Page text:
Park Hill, OK
August 2006 – I took a day trip to the Cherokee Heritage Center while I was staying at Tenkiller State Park. The brochure said it featured the nationally acclaimed Trail of Tears Exhibit and was the place to learn about Cherokee traditions through an interpretive experience. I couldn’t pass that up as I’ve always been fascinated with that culture and their viewpoints on life and nature.
Jenny and Rachel were so friendly as they demonstrated their basket making skills and told us about the different materials used, how the baskets were decorated and dyed, as well as their uses.
Rachel was our guide through the Ancient Village and also showed us how the pottery was made and decorated.
She told us about how village life was before European contact. The Cherokees were not nomadic and they always settled near water, which was their lifeline. Families had separate small summer and winter houses, built to protect against the weather. The houses were used only to sleep in, as all other village activity took place outdoors. We were surprised at how cool this summer house felt on the inside on such a warm summer day.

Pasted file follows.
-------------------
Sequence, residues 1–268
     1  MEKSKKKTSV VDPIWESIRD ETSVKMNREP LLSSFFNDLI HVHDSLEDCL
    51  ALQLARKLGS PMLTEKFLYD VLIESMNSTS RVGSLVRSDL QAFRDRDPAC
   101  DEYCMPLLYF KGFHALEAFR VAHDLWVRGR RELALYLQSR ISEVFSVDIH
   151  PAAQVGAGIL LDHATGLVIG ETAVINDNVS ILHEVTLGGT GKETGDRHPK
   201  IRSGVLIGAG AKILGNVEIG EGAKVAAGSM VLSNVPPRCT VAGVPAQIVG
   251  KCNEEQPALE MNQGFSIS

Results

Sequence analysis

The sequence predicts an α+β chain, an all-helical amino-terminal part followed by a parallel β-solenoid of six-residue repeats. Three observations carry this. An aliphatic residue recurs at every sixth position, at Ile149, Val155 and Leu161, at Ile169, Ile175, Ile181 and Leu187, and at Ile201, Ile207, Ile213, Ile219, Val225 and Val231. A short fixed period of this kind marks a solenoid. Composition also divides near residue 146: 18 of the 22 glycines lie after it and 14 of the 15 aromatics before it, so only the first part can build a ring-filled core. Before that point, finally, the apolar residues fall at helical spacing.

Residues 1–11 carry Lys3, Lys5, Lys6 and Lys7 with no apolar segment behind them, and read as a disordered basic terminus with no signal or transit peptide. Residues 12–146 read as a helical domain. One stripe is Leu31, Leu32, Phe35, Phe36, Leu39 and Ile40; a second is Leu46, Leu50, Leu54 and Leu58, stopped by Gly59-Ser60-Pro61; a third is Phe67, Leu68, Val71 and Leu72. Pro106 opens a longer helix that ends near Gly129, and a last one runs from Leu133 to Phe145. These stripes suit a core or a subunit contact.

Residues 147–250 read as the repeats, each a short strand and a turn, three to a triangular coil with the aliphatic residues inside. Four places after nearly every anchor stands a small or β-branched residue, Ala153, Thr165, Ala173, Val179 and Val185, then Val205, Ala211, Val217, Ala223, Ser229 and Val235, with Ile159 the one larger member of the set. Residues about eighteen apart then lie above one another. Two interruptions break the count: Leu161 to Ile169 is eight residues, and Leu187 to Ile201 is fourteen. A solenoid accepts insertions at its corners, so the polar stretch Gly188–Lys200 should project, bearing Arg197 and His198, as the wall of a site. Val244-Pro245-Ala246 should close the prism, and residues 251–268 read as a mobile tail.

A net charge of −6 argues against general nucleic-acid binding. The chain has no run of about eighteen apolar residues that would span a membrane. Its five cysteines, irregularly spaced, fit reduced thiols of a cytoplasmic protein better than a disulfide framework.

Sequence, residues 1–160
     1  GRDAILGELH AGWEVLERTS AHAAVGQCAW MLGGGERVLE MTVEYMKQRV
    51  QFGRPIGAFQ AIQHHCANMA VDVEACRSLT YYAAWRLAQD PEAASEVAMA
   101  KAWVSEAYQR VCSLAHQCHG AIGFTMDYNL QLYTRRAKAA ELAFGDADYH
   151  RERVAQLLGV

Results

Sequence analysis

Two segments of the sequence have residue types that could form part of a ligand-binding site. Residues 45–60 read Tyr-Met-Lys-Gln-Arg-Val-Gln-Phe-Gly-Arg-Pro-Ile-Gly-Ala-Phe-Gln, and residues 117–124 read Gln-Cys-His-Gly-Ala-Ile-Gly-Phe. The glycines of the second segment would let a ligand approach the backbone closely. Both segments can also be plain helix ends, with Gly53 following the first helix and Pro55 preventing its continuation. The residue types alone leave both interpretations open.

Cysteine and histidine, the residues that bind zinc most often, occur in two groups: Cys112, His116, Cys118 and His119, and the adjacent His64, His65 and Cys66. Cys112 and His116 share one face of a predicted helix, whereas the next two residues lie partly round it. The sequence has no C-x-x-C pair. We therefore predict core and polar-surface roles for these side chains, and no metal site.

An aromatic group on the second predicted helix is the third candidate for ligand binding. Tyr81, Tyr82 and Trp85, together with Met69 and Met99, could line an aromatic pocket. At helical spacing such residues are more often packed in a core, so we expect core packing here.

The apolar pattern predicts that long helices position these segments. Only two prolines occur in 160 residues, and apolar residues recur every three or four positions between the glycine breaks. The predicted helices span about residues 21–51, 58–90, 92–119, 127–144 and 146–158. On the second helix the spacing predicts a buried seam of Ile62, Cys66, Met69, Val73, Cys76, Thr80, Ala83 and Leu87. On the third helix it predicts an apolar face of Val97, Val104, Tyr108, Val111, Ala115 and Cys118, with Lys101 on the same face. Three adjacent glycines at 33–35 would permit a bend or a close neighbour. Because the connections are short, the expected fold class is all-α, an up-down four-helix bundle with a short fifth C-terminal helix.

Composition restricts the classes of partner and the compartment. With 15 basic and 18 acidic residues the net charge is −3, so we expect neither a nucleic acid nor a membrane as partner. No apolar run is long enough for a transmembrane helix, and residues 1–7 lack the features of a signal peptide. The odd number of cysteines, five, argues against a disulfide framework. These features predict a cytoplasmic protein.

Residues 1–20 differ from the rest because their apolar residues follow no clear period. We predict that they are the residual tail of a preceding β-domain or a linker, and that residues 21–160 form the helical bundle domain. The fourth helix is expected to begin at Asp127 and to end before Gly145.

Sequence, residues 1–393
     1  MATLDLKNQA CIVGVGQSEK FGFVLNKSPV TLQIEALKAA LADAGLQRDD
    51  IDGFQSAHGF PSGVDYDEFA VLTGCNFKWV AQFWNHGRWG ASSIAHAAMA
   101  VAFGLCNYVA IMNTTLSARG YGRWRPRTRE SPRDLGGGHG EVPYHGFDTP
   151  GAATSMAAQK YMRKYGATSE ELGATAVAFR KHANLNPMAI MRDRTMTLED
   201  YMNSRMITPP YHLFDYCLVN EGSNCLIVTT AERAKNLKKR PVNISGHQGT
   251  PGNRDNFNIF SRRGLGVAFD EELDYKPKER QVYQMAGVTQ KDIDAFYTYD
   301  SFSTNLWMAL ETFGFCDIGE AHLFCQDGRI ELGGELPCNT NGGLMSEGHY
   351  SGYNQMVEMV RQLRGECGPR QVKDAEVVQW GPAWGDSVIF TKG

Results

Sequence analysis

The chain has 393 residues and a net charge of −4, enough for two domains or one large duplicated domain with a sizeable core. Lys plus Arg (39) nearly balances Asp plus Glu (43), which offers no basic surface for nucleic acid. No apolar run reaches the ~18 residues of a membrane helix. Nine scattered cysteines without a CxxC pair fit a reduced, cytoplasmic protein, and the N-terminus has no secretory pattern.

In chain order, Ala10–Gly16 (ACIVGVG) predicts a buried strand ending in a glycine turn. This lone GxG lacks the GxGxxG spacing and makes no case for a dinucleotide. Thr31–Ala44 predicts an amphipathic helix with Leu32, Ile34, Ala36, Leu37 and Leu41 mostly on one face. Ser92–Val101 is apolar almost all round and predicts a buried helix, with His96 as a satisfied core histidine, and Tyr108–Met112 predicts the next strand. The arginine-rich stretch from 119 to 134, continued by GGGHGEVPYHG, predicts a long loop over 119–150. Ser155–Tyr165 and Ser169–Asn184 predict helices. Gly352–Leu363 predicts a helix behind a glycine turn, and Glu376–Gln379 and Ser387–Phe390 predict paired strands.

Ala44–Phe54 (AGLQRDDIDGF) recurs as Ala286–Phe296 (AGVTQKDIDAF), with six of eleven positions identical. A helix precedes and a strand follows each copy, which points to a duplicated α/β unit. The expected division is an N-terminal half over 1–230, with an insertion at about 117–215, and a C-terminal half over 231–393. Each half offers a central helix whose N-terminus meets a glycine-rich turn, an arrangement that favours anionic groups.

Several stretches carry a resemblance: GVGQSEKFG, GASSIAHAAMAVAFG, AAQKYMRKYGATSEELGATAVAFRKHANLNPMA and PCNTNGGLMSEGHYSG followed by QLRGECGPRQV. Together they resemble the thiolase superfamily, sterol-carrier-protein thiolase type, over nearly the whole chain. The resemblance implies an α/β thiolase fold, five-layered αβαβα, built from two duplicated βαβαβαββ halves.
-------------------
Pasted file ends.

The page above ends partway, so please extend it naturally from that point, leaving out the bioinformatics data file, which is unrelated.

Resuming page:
There were so many other interesting things Rachel shared with us – the box turtle shells filled with river rocks the woman tied to their legs to accompany the songs since it was job to keep the rhythm – how the canoes were made – the two things that make Cherokee baskets unique and easily identifiable.
She told us about the differences in the arrowheads made according to their intended use – the game used to settle disputes without having to resort to war – the names of the seven clans and their “specialties.”
Rachel was a delightful guide, showing us one way of hunting used – the blowgun. I can’t believe I caught that dart in mid air! She told me she was so happy in her job here, getting to meet people from all over and sharing her culture with them. I felt honored to hug her after the tour.
This is a winter house. It was ingeniously constructed to gather and hold in the heat.
The Council House was where village business was conducted and all decisions were made. The structure is seven-sided, corresponding with the seven clans that all villages consisted of. There were also two separate chiefs – a peace chief and a war chief.
The Adams Corner Rural Village is a reconstruction of a typical Cherokee community following their forced removal to the Oklahoma area.
21192 S. Keeler — Park Hill, OK
Malia’s 2 cents: I was deeply moved by the Trail of Tears exhibit in the museum. Broken promises and treaties resulted in the forced removal of these people from their ancestral home in such a cruel way that an untold number of refugees died in the march. One account from an unidentified survivor brought tears to my eyes: “Lots die every day and we go on… we bury and march. I will laugh no more while living, but when new land is reached in the skies and all my people meet me again, then…I will make joyful laugh.”
I highly recommend a visit here to find out about these and other fascinating accounts of this generous culture.
There are nice shaded picnic tables on the grounds surrounding the museum, parking and turnaround areas are available for RVs and all paths are wheelchair accessible.